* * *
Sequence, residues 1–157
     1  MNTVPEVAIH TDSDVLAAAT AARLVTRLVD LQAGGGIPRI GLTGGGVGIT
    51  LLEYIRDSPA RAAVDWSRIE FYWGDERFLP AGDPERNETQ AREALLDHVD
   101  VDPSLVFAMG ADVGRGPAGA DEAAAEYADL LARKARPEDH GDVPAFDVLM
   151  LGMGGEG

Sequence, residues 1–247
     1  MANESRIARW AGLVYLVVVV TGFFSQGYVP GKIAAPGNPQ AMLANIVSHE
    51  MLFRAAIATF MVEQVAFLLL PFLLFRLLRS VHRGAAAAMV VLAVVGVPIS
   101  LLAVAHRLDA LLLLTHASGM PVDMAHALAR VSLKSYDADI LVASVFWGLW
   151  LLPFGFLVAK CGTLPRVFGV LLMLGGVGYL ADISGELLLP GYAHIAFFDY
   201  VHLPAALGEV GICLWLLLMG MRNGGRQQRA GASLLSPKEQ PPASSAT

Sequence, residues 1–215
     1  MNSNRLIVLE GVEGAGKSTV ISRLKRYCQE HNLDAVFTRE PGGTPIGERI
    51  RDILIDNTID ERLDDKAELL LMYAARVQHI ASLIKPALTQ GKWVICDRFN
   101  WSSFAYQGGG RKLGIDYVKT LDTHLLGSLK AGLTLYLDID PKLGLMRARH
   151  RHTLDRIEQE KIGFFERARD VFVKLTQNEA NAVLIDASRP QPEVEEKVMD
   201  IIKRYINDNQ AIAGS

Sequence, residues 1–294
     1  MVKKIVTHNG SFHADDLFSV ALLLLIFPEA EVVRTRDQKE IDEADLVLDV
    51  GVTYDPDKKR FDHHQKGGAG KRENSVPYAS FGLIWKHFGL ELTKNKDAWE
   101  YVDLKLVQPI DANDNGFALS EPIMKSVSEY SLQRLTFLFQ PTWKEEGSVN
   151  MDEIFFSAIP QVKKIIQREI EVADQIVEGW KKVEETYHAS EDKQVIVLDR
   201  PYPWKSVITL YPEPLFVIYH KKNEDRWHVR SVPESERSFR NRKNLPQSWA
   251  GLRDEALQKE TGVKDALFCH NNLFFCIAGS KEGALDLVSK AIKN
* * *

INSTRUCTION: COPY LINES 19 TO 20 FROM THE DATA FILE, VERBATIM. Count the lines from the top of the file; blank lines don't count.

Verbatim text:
     1  MVKKIVTHNG SFHADDLFSV ALLLLIFPEA EVVRTRDQKE IDEADLVLDV
    51  GVTYDPDKKR FDHHQKGGAG KRENSVPYAS FGLIWKHFGL ELTKNKDAWE